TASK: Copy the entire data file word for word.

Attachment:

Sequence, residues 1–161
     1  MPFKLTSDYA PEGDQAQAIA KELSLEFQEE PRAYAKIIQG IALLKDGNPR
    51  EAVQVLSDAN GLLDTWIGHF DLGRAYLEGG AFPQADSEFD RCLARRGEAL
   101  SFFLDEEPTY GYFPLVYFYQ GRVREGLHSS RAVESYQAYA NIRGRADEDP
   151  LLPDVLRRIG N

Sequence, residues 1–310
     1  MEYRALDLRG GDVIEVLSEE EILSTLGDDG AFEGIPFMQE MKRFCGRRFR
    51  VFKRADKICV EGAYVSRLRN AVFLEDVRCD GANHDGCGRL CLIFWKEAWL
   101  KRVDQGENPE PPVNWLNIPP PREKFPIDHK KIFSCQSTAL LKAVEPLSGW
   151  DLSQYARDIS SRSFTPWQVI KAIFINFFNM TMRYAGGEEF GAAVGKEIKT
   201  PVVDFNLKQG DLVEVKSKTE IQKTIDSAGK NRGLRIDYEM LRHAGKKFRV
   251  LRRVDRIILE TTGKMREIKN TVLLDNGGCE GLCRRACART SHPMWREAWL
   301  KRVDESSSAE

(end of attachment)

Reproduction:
Sequence, residues 1–161
     1  MPFKLTSDYA PEGDQAQAIA KELSLEFQEE PRAYAKIIQG IALLKDGNPR
    51  EAVQVLSDAN GLLDTWIGHF DLGRAYLEGG AFPQADSEFD RCLARRGEAL
   101  SFFLDEEPTY GYFPLVYFYQ GRVREGLHSS RAVESYQAYA NIRGRADEDP
   151  LLPDVLRRIG N

Sequence, residues 1–310
     1  MEYRALDLRG GDVIEVLSEE EILSTLGDDG AFEGIPFMQE MKRFCGRRFR
    51  VFKRADKICV EGAYVSRLRN AVFLEDVRCD GANHDGCGRL CLIFWKEAWL
   101  KRVDQGENPE PPVNWLNIPP PREKFPIDHK KIFSCQSTAL LKAVEPLSGW
   151  DLSQYARDIS SRSFTPWQVI KAIFINFFNM TMRYAGGEEF GAAVGKEIKT
   201  PVVDFNLKQG DLVEVKSKTE IQKTIDSAGK NRGLRIDYEM LRHAGKKFRV
   251  LRRVDRIILE TTGKMREIKN TVLLDNGGCE GLCRRACART SHPMWREAWL
   301  KRVDESSSAE